Summertime in the city is so much fun, even if it is hot and sticky. I confess, I am a jungle bunny and I love it hot; the hotter the better. I spend a lot of time walking wherever I can, then jumping on the bus where I must, which is why I am now suffering from the worst summer cold ever. The quick transition from the sweltering sidewalks into the deep freeze, also known as the bus, where the air conditioning is at full blast, has been more than my system can handle.

Because I travel on so many different bus routes on a daily basis, I began to take note of the varying degrees of air conditioning on the bus lines. By far, the M1 bus is the worst. The vents are positioned directly above the seats and the temperature control has only one setting–full blast. The M102 bus is usually an accordion bus, and more often than not, the vents are on an angle pointing toward the window; the temperature level is comfortable. The M101 bus is also an accordion bus, and the temperature dial is always set at low. I always carry a sweater and sometimes a shawl, which I’ve been known to put over my head and shoulders to keep the cold air from shooting down into my ears, onto my neck or onto my shoulders. And they call this an improvement?

I was not the best guest at a small dinner party I attended. I had laryngitis, so engaging in conversation was out of the question. However, there was nothing wrong with my appetite, and the baked chicken and the macaroni salad with chopped cucumber and tomatoes in a spicy dressing, along with warm French bread and watermelon and vanilla ice cream dessert, were delicious. Although I drank all of the iced tea, I hardly touched the wine. So depending on your choice of libation, some were happy and some were not.

Happy birthday to Jayda Francis, who had a good, old-fashion backyard party at her home in Cambria Heights. I faired a lot better there because I was comfortably in my element outdoors on a hot, sunny day. Appropriately covered in suntan lotion, I, along with the other guest, enjoyed mounds of fresh fruit salad, curried chicken, rice and peas, and baked macaroni, along with baked porgies. The music was good, and the children happily entertained themselves in the bounce house and on the water slide. Needless to say, the whole affair can only be summed up as perfect.

Congested to the hilt, my voice returned to a rasp just in time to celebrate Kendal and LaVerne’s 45th wedding anniversary. If you know Kendal and LaVerne, then you know they always have multiple sets going on to entertain their many sets of friends. We were fortunate enough to join them at the Tropix, a club located along Nautical Mile, in Suffolk County, Long Island. The mile is lined with outdoor clubs, offering a variety of music and atmosphere. About 20 of their friends gathered at the Tropix, including their daughter Crystal along with husband, Luddy, and their son Jay, who was celebrating his birthday. Happy birthday, Jay. Unfortunately, still very much under the weather, I was curled up like a snail, as the night air wasn’t exactly the elixir that the doctor ordered. Still, it was fun.

I, for one, thank the de Blasio administration for making summer safety a top priority and executing a plan. Police are circling around the projects; hence, there’s been a temporary cease-fire. We’ll see how long it lasts–both the police presence and the cease-fire. I apologize for saying extending the operating hours of community centers is a dumb idea in last week’s column, but it is.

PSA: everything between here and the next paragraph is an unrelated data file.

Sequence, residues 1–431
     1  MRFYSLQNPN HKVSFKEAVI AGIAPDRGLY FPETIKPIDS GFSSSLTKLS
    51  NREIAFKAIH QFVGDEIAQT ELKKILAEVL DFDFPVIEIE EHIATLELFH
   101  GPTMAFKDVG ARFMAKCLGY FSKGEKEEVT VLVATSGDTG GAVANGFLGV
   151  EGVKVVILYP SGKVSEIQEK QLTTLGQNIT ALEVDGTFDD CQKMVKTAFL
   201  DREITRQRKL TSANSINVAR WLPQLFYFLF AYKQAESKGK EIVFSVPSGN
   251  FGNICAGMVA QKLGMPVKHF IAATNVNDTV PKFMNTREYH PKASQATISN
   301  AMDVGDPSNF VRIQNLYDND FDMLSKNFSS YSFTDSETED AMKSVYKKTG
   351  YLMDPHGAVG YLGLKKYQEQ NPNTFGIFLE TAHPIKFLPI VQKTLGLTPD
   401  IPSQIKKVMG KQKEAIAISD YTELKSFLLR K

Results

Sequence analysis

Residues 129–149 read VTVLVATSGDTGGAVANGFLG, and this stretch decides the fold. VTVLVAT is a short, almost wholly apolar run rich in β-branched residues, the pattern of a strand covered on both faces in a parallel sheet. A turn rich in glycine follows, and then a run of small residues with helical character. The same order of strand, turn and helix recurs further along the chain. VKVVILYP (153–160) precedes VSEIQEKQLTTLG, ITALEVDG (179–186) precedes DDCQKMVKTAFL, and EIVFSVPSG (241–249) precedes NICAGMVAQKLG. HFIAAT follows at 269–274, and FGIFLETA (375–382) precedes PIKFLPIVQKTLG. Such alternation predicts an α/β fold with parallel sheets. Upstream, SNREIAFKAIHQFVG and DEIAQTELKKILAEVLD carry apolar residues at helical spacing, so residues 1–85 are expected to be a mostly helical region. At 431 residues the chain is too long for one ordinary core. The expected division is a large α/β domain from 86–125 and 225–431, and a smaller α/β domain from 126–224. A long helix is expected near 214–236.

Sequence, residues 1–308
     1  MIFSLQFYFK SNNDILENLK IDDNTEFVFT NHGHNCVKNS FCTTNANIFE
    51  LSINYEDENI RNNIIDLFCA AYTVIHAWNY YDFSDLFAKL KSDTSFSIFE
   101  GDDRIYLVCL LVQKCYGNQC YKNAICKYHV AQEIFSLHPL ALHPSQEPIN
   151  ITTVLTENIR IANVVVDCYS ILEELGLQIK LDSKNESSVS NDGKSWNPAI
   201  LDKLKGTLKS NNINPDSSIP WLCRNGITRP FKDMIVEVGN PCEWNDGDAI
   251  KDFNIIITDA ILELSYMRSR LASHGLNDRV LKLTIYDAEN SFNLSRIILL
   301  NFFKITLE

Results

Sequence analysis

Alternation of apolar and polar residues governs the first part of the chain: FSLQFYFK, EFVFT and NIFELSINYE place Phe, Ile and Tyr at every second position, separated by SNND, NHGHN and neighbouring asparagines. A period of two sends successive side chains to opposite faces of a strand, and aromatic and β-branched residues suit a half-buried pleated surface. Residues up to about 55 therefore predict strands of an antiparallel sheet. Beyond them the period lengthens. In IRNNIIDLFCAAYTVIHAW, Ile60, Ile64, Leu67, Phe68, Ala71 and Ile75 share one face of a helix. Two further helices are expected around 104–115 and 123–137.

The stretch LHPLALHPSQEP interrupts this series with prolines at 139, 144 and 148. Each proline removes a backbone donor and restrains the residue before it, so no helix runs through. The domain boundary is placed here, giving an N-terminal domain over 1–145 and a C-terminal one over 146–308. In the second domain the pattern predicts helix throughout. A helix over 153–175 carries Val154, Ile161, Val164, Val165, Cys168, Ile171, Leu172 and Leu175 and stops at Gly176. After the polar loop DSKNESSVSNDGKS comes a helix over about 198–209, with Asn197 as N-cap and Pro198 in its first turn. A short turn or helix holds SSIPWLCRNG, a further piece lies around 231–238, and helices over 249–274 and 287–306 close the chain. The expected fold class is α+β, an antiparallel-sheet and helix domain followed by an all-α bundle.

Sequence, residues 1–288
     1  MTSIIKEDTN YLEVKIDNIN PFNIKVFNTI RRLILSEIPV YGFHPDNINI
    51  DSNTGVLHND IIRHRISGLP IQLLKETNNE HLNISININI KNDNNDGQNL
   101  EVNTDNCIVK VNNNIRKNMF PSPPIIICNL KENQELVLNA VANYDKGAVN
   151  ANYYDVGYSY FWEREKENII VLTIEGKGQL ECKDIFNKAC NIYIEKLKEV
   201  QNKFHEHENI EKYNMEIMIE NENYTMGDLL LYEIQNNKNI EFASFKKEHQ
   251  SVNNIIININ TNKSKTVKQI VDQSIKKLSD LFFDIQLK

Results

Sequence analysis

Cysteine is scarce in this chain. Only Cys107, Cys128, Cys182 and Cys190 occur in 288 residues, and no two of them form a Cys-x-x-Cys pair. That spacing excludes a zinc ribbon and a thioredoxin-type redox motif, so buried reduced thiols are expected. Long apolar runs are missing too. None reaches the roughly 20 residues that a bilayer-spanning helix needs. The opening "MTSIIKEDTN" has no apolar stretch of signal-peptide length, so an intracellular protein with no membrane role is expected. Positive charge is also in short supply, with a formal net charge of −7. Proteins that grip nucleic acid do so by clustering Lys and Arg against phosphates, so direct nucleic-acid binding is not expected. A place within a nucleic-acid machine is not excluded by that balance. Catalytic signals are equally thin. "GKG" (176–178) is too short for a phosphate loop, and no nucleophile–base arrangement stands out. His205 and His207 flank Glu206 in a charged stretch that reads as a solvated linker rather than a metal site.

At the risk of dating myself, I remember the time when all New York City teenagers were eligible for a summer job, working for the city. Most opted to work as camp counselors for the day camps operated by the adults of the community and attended by the community youth. All participated in camp activities as far as the budget would allow, taking trips around the city and enjoying a half-day every Friday to go downtown to a designated office to pick up their paychecks. Meager as they were, the paychecks were enough to keep everyone out of trouble. At the end of the day, as nightfall descended, everyone was completely fatigued from the day’s activities and eager to go home and go to bed. Engaging in constructive activities during the day is a sure way to get a good night’s sleep.

The 16th annual Harlem Book Fair and the first ever HBF Urban Arts and Literature Festival took place July 10 to July 12. Tonya Bolden was there to promote her new book, “Searching for Sarah Rector.” The book gives a historical account of Sarah, a Native-American girl, who at age 11 was the richest girl in America, until one day, both she and her money disappeared.

Paula Williams Madison, a former executive with NBCUniversal and former news director at WNBC, held a private screening for the New York City premiere of her new documentary, “Finding Samuel Lowe: From Harlem to China.” This story is about Madison’s successful search for her Chinese grandfather’s 300 relatives in China. What she discovered took her back to 1500 B.C., and brought her to the present, where her Chinese grandfather married her Jamaican grandmother. Paula currently serves as vice president, Board of Police Commissioners, Los Angeles Police Department. I am sure there is another documentary to be made on what it is like working in that capacity.

Condolences to the family of Jean Chambers, wife of John and mother of Maria, who was hit by a car while crossing the street near her home and died shortly afterward at St. Luke’s Hospital. Chambers was a member of St. Michael’s Episcopal Church, 99th Street and Amsterdam Avenue. Her body will be cremated and a funeral service will be held at St. Michael’s in the near future.

Be well, be safe, have fun and don’t forget to put on your suntan lotion.

Until next week … kisses.